As Figure 1 shows, by type of impairment in the United States, 60% of working-age adults between 18 and 64 years old—that is, 101.4 million adults—are either likely or very likely to benefit from the use of accessible technology because of impairments that pose difficulties in using computers.

Figure 1—Computer users likely benefit from accessible technology
Computer users likely benefit from accessible technology

Image source: Study commissioned by Microsoft and conducted by Forrester Research, Inc.

Microsoft’s Inclusive Toolkit Manual [5] acknowledges that UX designers sometimes generate and evaluate ideas based on their own experience. While any designer’s goal should be to create experiences that solve people’s needs, work well for human beings in general, and improve people’s lives, if designers use their own abilities as a guide, they’re likely to create products that are easy for some people to use, but exclude others. If you use your own abilities and biases as a baseline, you’ll end up designing products for people of a particular gender and age, with specific physical, cognitive, and language abilities, and the same level of technical literacy. You might even assume the same access to money, time, and social networks.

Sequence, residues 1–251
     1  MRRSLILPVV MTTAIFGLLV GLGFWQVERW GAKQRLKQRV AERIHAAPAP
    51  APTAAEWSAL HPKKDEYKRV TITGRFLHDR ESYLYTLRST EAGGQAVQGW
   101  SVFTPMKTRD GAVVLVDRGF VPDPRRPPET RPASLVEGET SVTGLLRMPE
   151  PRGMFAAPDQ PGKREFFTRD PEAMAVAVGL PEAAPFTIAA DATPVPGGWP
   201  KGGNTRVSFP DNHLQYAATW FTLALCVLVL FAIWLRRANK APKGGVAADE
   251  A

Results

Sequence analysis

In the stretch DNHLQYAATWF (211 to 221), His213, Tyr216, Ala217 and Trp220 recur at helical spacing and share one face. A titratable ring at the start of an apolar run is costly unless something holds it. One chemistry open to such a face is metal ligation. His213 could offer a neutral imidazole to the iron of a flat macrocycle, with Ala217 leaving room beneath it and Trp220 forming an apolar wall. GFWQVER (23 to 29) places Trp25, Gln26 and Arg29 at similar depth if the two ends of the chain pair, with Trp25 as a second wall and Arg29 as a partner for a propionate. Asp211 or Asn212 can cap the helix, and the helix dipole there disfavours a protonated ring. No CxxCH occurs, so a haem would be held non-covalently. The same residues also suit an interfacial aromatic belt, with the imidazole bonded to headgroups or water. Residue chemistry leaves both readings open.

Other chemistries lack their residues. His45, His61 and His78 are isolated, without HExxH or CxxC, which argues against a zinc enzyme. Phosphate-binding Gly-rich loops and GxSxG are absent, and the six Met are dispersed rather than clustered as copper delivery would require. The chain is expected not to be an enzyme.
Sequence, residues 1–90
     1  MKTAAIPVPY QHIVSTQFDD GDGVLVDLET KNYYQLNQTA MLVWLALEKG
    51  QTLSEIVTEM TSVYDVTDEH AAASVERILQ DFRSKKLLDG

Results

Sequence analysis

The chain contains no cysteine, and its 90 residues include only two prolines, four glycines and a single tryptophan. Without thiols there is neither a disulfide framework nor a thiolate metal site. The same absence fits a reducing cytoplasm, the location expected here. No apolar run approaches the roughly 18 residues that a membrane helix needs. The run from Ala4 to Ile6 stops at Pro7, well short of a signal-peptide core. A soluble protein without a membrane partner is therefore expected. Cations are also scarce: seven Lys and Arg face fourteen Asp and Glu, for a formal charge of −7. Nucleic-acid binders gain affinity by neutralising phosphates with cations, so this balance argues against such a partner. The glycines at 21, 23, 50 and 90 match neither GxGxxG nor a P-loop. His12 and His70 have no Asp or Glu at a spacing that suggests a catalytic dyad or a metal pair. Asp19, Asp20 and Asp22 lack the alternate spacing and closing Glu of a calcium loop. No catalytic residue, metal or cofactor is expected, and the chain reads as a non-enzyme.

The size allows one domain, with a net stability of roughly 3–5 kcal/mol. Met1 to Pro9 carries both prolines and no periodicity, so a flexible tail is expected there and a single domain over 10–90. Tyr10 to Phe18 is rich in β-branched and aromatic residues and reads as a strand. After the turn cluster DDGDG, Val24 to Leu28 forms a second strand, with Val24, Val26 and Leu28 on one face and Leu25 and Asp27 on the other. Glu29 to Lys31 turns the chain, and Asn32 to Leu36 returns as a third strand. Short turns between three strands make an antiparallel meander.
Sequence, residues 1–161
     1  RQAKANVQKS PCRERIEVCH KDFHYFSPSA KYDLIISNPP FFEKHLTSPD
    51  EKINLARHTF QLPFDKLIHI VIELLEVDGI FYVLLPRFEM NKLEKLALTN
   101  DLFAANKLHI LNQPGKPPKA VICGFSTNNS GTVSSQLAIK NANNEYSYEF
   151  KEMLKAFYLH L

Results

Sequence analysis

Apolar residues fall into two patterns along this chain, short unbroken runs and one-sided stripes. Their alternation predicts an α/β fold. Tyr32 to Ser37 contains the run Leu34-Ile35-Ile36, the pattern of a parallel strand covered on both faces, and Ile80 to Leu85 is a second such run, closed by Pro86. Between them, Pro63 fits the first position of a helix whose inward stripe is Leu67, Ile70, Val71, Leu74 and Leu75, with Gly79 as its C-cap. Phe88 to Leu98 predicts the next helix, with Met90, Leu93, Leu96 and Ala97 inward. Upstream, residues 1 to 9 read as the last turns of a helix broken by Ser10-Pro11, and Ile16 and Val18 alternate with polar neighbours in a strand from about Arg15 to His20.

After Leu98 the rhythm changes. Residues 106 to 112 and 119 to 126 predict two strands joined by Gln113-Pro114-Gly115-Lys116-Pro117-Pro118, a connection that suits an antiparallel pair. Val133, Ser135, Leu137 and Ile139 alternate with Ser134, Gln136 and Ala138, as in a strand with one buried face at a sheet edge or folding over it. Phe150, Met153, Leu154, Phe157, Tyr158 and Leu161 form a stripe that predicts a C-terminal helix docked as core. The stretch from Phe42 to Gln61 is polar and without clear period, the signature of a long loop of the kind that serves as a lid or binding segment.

With more than 7.5 billion people in the world, your ambition should be to create products that are appropriate for each of them—physically, cognitively, and emotionally. To achieve this goal, you must begin by looking at human diversity as a resource for better design.

Designing for inclusivity not only provides greater access to your product and service experiences for more people with a wider range of abilities, it also reflects the real and evolving differences among people. Your designs should reflect that diversity.

Every design decision you make either raises or lowers barriers for the people who are using the product, service, environment, or experience you’re creating. Take responsibility for lowering these barriers by creating inclusive products. Identify cases of exclusion and embrace them as opportunities to drive new ideas and create inclusive designs.